This is why what Powell were trying to do with the Euro Brigade was so progressive for the era…
Absolutely. They clearly were trying to bridge the gap between the USA and everywhere else. At this point in skate culture there was literally a gap: a media gap where we didn’t get to see what the top pros were doing ‘til months later and a time gap in terms of seeing new tricks (mainly in photos at that point) months after everyone in the USA had learned them. This is why the rest of the world looked to America for inspiration and perhaps appeared to be copying it because there was this lag in the newest stuff reaching the rest of the world.
Right now you can turn on the tap and be bombarded by a flood of skate content whereas back then it was just a drip from the American tap, which would let out little morsels of information every so often. In order for us to catch up, we had to go to the other end of the tap, to the source where the flow was coming from and that meant going to the States.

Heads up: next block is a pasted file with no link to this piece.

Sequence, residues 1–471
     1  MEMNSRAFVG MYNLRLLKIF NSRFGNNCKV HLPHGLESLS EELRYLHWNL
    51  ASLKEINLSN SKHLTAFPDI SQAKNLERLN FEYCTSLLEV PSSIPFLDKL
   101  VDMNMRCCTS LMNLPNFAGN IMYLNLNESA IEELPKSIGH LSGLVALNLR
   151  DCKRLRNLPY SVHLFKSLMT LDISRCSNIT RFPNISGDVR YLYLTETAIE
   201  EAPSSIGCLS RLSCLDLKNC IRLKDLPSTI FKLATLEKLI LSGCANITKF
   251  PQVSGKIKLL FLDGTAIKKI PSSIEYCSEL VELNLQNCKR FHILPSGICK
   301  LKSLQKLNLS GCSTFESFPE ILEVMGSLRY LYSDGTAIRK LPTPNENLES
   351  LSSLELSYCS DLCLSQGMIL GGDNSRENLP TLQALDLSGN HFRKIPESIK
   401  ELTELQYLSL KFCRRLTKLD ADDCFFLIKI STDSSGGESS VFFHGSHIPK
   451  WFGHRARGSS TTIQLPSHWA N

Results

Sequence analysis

Had the older generation of London skaters (Bod Boyle, Steve Douglas, etc.) laid out the importance of going to the States to your generation?
Yeah, the message was clear. There was a visible difference between those British skaters who had been out to the States and those who hadn’t. Not just in their treatment by their sponsors but physically in their skating too.
For example when Sean Goff came back from the States after skating Upland, it was obvious to everyone how much his skating had improved – to the point where he was the only UK guy tossing McTwists. It just seemed as though the guys who had been out there were better at skating than those who hadn’t because to be honest, they were. Bod and Steve Douglas were just ahead of me in terms of generations and their experience had laid it out like, ‘if you go out to California, connect with a good sponsor and go for it then things will happen.’ And it did for both of them. That just wasn’t happening for skaters still living in Europe at that point.

I suppose even things like the cost of air travel back then made it almost impossible for brands to include European riders.